As the Fall 2019 Education Intern at Landmarks, I developed a series of thematic tours that encourage students to think critically about themselves and the world around them. During this process, I discovered new connections that made the art feel meaningful. I was given responsibilities and opportunities beyond what I imagined an intern would be allocated and was encouraged to pursue projects that aligned with my professional goals.
I had the opportunity to pilot my ideas on the theme of perspectives during a guided tour in November. The works visited were: Magdalena Abakanowicz, Figure on a Trunk, 2000; Tony Smith, Amaryllis, 1965; Donald Lipski, The West, 1987; and Nancy Rubins, Monochrome for Austin, 2015. Each of these pieces invites a different style of interpretation and I focused the tour around three types of perspective: empathetic, spatial conceptualization, and the artist’s process.
In order to develop my tour I began by looking at each work from my own perspective. For instance, at Abakanowicz’s Figure on a Trunk, I was moved by the hollowness of the body and the toes hanging over the ledge of the sculpture. I could imagine slipping into the shell and inhabiting this figure, but at the same time felt that the hollow body and absence of head was a dehumanized figure. My conflicting perspectives helped me to tie the sculpture to a broader theme of horror. When viewing horrific imagery, particularly documentary photographs and videos, there is a limit to how much gruesome realism people can handle before we detach or dissociate from the experience. This figure teetering on that edge seems to be asking us to step into our discomfort. One might see the precarious platform as a stage or a witness stand. The sculpture is placed directly outside Texas Performing Arts’ Bass Concert Hall which houses the largest theatrical stage on campus. Figure on a Trunk sets the tone for theatre goers to carefully consider the implications of the performances that they are about to see inside the theatre.
Nearby, Amaryllis, a sleek minimalist work by Tony Smith, sets a different tone for the Butler School of Music. Rather than evoking an emotional state, the work asks viewers to consider its clean lines and repeating triangulations to understand abstract concepts such as time, emotions, math, and decision-making. Imagining these ideas as objects that we can observe and manipulate from different angles helps us understand and relate to them. Smith's sculpture also tells a story of resilience in the face of adversity. After an automobile accident in 1961 left him severely injured, Smith was unable to make work in the way he used to. Instead of abandoning art, constricting his scope, or shrinking his scale, Smith's works became larger and more complex. The removal of the artist's literal hands from the constructing process inducted Smith into minimalism, which highlights the relationships between the work and viewer's body, as well as the space around it. The work's title, Amaryllis, reminds us that there is more than one way to memorialize nature.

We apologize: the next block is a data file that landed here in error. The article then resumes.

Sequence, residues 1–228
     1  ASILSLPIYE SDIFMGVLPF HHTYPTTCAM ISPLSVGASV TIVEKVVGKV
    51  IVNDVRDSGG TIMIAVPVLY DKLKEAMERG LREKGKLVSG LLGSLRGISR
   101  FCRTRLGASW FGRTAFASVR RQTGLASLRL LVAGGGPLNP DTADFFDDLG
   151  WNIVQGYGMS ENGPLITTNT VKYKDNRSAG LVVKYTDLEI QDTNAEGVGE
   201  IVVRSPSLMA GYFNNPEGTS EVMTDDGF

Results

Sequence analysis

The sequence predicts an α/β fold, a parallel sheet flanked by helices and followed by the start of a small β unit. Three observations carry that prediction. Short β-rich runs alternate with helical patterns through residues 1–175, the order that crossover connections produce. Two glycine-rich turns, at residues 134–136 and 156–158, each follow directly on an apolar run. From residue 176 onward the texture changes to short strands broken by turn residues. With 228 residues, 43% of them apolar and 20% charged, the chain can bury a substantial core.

Donald Lipski’s The West also brings together seemingly disparate objects, like the connection between the cold black material of Smith’s work and the bright yellow flower of its namesake. Lipski invites us to derive meaning from the sculpture with no explanation. The opacity of the work is the most exciting thing about the sculpture; there is no right or wrong answer, allowing viewers a sense of freedom that opens up to the imagination. The West is a fun sculpture to attempt to think about from different perspectives. When artists work with found objects, their selection can be informed by a variety of characteristics, such as formal qualities like color, shape and texture, relationship to the overall composition and symbolic value. Similarly, considering these characteristics offers viewers a window into understanding the artist’s intention.
Another work from the collection that often puzzles viewers is Nancy Rubins’ Monochrome for Austin. Approaching the highly energetic sculpture, it is tempting to form an opinion based on our personal experiences or associations with the sculpture’s primary material: aluminum canoes suspended high in the air over a busy pedestrian thoroughfare. The work speaks to potential, adaptability, transmutability, regeneration and unstoppable energy, ideas that can also be seen in its chaotic form. Rubins’ sculpture helps us think about different vehicles for communicating meaning and the multiplicity of meanings held in a single object.
As an educator, I learned to explore multiple perspectives through my internship. Before my time at Landmarks, I took the public art on campus for granted. As a studio art major, I felt like it primarily existed for my own appreciation and never considered how the collection offers learning opportunities for other students. Once I began working more intimately with the collection through independent research, docent trainings, tour observation and close-looking, I discovered resonances I’d never considered before. Moving forward I am excited to see how art education can enrich the lives of people from any background, not just those with a studio practice.